What can you learn from reading the exploits of the most successful hacking ring ever brought to justice? Recently, the US Attorney’s Office in NJ unsealed their indictment against a mostly Russian—one American co-conspirator was also named—gang of cybercriminals who are alleged to have snatched over 160 million credit card numbers resulting in more than $300 million in losses over seven years.
In scanning through the indictment, I was left with the strong impression that this group had a rock-solid business model, excelled at executing on their plans, and was actually good at following IT security principles—better than their victims.
According to the government’s investigation—based heavily on chat sessions between the hacking principals—stolen credit card numbers were sold through wholesale networks: US numbers would go for $10, Canadian for $15, and European for $50. The hacking gang, which the government more accurately referred to as an organization, would offer bulk discounts—i.e., corporate payment schedules. The distribution network would then resell stolen data through their channels to end users.
By the way, this hacking organization did not take credit card payments for their services—just bank wire transfers and Western Union. Good move, on their part, because, don’t you know, credit card numbers are vulnerable to theft.
Their hack craft was a little more advanced than the common cyber thief’s. They relied heavily on SQL injection attacks to break into websites, rather than brute force password guessing. The retailer, banking, and credit card company victims validate yet again the stats from Verizon’s Data Breach Investigations Report on the most heavily hacked sectors. In a few cases, the hackers chose retailers based on the type of point of sale or POS equipment, because they could install specially configured software sniffers to vacuum up unencrypted card numbers. And yet again, these mostly food and clothing retailers were PCI compliant.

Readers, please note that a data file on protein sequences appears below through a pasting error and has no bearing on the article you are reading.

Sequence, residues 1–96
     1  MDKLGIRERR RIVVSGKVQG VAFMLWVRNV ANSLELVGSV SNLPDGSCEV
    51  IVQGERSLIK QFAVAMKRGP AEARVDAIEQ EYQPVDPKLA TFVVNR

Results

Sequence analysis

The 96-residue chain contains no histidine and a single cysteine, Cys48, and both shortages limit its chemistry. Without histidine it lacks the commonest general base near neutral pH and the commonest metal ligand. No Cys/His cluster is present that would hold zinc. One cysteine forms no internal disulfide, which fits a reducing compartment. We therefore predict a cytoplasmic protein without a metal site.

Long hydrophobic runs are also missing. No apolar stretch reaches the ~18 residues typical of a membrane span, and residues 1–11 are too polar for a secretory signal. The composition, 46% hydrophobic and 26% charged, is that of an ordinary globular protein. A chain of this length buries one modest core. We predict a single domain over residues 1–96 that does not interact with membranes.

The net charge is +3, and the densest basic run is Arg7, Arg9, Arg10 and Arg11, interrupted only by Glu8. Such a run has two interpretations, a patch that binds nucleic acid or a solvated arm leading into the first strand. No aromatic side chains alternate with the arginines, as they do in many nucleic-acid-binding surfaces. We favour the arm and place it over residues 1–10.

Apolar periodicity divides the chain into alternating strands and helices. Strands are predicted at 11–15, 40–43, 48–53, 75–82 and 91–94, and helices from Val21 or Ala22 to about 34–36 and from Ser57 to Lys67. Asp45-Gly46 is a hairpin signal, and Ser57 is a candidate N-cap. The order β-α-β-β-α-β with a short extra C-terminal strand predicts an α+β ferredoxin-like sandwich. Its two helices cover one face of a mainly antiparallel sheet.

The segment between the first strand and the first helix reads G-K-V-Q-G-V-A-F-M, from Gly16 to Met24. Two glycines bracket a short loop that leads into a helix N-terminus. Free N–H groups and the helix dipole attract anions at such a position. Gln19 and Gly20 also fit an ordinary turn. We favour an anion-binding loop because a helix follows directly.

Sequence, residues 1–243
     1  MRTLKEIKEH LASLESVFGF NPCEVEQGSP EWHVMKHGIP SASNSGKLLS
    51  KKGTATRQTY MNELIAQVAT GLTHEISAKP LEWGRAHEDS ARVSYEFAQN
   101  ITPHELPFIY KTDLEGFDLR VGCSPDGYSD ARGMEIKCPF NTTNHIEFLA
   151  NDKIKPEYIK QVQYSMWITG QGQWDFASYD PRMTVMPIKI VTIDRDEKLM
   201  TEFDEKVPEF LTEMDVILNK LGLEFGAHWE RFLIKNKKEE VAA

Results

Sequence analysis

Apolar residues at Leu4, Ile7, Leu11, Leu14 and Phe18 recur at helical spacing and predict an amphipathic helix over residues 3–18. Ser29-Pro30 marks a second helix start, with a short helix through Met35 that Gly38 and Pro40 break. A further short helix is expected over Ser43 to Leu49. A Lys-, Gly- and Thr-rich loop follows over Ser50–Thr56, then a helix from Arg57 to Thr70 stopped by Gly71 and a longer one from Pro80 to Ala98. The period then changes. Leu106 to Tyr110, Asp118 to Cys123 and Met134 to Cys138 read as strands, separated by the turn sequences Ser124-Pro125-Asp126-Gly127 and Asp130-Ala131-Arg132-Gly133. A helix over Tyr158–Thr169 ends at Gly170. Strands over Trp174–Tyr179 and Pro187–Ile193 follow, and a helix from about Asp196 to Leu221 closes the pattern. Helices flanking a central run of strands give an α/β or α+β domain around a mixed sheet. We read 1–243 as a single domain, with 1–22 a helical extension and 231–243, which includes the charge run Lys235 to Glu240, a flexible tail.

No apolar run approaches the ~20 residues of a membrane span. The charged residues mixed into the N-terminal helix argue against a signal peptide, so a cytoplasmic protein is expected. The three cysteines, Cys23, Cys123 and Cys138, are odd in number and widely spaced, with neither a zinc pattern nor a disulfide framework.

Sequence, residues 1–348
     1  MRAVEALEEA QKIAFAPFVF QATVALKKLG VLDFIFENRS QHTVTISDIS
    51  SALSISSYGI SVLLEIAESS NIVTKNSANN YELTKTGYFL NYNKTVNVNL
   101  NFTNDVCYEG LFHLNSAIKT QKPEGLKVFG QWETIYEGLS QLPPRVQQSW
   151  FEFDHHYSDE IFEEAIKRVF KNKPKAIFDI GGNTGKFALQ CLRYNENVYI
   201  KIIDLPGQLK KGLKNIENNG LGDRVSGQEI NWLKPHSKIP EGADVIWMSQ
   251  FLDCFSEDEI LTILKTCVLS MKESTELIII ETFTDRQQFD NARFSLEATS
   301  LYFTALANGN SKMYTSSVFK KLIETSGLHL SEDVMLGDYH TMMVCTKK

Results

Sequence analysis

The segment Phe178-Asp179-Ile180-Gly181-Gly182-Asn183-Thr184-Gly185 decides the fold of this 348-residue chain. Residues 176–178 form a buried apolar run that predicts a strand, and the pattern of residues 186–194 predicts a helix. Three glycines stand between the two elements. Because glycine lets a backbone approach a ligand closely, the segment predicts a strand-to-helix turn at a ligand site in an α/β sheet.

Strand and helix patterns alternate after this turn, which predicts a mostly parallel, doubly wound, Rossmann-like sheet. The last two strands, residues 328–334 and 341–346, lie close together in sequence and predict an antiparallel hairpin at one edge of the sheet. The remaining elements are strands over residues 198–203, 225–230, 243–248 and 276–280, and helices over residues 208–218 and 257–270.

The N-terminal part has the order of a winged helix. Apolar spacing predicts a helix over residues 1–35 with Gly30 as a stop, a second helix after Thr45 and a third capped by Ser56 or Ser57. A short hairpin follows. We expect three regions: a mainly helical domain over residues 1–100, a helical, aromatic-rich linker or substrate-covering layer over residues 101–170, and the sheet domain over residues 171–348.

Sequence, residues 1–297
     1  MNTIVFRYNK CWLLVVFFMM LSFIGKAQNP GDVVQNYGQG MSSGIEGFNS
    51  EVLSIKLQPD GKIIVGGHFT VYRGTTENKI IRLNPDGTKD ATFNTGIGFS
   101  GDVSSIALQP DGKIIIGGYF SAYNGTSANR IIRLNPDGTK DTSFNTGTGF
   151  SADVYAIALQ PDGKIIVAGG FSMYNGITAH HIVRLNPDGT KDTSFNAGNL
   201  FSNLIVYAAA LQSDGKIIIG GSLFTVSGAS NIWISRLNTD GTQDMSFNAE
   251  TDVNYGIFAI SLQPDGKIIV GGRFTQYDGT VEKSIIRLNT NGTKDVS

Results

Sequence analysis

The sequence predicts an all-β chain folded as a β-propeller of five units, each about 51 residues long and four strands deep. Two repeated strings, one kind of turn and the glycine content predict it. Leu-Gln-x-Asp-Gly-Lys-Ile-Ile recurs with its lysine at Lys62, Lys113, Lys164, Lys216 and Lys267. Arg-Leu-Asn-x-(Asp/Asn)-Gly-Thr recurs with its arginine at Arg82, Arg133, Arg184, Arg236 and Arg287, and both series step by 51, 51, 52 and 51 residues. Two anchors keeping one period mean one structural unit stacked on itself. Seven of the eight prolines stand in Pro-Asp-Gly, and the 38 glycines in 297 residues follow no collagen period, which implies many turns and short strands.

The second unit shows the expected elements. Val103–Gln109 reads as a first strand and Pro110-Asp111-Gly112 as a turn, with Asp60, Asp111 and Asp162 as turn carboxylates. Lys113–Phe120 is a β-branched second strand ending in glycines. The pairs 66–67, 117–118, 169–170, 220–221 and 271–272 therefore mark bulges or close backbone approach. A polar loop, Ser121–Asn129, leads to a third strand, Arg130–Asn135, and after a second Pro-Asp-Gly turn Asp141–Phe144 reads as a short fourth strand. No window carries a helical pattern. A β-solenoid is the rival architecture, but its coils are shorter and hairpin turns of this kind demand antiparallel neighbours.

After breaking in, the hackers then had the more complex problem of where to find the credit card number and other personal identifying data.
In the DEF CON archives, I came across a presentation on this subject written by two pen testers. They note that the job of the hacker is to “hide in plain site”, and in bold red font on one of their slides is the command, “Don’t be an anomaly”. Another slide points out that getting root access is not necessarily a desirable goal for a hacker because it’s also a user-level that is most likely audited.
This is generally solid advice, but of course the hackers can’t know ahead of time the long-term average behaviors of users, and there is, ahem, software that can spot atypical file access patterns.
Anyway, the two pen testers suggest you come in as ordinary user and selectively hijack credential and sessions. So which user should a hacker pick? Their overall advice is to “know the target environment”, then learn “who has access to what”, and find out “where is the data.”
It’s perhaps a bit counter-intuitive that we have pen testers to thank for making a solid governance case in a presentation on post-exploitation techniques. But in the upside-down world of hacking, it’s the cyber thieves who are doing a better job than the targeted companies at seeing the value in the data and applying good IT practices.
Author: Andy Green, Technical Specialist at Varonis.